So it's Fall here in the beautiful Ozarks. And it has been pretty nice. We've had rain (with a tornado here and there for some excitement). We've had perfectly gorgeous sunny crisp days. We've had a few cloudy miserable ones that encouraged plenty of hot cider drinking. And then we have today. I think it's around 80. That being said, all this variety in our weather pattern makes Beke a regular Snot Bag. I feel like I have it running out my ears.
Yesterday, Josiah and I went to a local produce market and picked up a few pumpkins. We got a nice sized pie pumpkin and a few little cute ones for an activity with the cousins we are hosting at the end of the week. I'm pretty cheap. That pie pumpkin is going to be our carving/science/eating pumpkin of the week. And speaking of cheap....
Ever have those weeks when the grocery budget is tighter than my last pair of spanx? (and I guarantee you that they're pretty stinkin' tight) Our grocery budget this week was slim. I am pretty good at making creative meals out of next to nothing, but making really healthy creative meals out of next to nothing is pretty tough. I've always promised myself that even if our grocery budget was of the Ramen Noodle/Hot Dog variety my family would never know it. So. Here is a few tips I have for you. We can't be the only family who struggles with this. And I want to help those of you who are trying to be as healthy as you can to succeed.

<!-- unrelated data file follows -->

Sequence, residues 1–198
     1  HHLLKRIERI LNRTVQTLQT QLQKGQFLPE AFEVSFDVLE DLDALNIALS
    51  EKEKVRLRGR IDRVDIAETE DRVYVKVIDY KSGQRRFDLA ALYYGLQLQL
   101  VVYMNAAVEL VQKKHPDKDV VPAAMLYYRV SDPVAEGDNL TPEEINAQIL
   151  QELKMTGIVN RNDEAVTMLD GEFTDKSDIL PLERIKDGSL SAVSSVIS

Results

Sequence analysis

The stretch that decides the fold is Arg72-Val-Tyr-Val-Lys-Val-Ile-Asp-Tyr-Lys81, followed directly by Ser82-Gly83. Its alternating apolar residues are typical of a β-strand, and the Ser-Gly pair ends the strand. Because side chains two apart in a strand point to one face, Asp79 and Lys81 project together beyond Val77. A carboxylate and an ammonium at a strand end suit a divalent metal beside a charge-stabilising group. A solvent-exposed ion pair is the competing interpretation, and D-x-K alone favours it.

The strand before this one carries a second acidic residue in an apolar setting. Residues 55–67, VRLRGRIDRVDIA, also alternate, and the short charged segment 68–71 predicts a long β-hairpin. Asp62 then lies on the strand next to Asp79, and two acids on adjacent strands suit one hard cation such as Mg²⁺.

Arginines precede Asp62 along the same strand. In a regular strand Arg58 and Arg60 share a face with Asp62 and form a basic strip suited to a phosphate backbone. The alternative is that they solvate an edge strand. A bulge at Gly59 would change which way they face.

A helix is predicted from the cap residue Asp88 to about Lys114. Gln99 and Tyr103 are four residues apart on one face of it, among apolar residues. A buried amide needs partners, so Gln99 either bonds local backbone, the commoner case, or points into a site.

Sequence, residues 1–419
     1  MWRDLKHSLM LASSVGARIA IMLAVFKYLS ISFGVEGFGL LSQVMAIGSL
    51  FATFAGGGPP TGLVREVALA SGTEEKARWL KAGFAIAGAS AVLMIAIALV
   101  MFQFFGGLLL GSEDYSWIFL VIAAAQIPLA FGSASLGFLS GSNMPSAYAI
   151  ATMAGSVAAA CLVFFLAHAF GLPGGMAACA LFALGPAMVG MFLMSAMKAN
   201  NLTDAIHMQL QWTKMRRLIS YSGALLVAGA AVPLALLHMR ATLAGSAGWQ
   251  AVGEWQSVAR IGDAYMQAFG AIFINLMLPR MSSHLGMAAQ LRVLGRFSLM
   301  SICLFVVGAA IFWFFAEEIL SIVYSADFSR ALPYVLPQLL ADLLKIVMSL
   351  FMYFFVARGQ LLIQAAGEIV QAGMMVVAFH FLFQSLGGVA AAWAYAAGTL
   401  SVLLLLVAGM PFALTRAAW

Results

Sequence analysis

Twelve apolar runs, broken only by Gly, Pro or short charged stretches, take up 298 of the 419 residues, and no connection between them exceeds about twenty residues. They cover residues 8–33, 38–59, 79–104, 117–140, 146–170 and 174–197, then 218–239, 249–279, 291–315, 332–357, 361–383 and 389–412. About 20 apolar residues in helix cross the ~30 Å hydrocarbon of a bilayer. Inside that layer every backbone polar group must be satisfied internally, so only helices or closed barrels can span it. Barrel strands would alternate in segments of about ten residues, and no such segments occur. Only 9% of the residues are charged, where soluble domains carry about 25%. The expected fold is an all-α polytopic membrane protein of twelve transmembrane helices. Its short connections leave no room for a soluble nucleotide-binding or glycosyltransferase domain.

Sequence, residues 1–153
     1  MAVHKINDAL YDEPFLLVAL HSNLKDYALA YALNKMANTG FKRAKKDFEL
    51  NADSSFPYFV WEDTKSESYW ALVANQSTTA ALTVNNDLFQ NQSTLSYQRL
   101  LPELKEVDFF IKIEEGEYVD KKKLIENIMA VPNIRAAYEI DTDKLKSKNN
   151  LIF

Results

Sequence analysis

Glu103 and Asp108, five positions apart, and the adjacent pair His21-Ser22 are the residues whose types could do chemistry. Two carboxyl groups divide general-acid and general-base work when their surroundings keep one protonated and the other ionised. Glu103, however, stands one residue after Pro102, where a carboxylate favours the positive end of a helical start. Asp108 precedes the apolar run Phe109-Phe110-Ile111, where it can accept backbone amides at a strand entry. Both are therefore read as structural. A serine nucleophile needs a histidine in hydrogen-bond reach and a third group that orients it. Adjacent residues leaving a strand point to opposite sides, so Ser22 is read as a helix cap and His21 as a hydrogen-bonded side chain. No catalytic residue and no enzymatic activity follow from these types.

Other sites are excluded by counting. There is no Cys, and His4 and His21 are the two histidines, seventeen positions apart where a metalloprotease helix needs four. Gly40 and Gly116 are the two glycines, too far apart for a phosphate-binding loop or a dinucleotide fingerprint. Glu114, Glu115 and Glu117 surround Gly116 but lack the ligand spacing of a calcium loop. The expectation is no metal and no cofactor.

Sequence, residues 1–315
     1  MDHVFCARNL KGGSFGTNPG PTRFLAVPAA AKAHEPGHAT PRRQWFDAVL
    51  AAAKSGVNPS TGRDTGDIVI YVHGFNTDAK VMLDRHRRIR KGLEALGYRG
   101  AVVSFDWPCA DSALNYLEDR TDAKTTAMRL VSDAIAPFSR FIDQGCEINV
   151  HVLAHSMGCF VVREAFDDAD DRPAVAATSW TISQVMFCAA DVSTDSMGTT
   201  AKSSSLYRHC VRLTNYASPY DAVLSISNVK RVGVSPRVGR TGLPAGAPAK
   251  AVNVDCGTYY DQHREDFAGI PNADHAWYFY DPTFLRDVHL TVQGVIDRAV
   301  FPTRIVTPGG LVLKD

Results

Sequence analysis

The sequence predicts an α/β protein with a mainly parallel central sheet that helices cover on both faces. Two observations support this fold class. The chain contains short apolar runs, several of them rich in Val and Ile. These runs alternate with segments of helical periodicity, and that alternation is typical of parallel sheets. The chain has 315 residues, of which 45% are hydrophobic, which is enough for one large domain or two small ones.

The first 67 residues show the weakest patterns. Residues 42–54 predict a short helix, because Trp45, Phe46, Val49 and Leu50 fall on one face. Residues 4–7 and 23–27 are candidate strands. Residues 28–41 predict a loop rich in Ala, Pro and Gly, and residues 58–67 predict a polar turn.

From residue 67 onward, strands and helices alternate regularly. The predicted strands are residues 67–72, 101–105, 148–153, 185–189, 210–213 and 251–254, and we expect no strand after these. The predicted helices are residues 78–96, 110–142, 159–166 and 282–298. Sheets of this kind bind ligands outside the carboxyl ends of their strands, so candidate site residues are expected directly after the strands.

1. Use What You Have. Within reason, of course. If you have a pound of bacon in the freezer you don't need to waste it, but it doesn't need to be the center piece of every meal. My mamma blessed us with a HUGE pork roast this week. It isn't as diet friendly as a piece of salmon or organic chicken breasts, but pork can actually be quite lean. And I'm stretching it out as much as I can. Yesterday I roasted the whole thing with some apples I needed to use pretty quickly (they were almost past the point of no return), whole cranberries I found in my freezer (don't ask how old they were) and an onion. It was delish. I took of a portion of the meat. Chunked it up and made a lite sauce with the now cooked apples, cranberries and onions and served it over brown rice. Today I took another chunk of the pork and made a lite Hawaiian pizza with a whole wheat crust. I used a can of pineapple I found in my pantry and made my own sauce. Pizza is not something we eat all the time at the moment so my guys are going to enjoy it. Tomorrow I am going to shredded some of the pork for Green Chili & Pork Tacos. My guys will never complain. Josiah thought last night's pork was chicken anyway. And I might even have enough for a Posole (a brothy Latin soup). Try stretching a whole chicken. Or make a big pot of Pintos and you've got quite a few meals.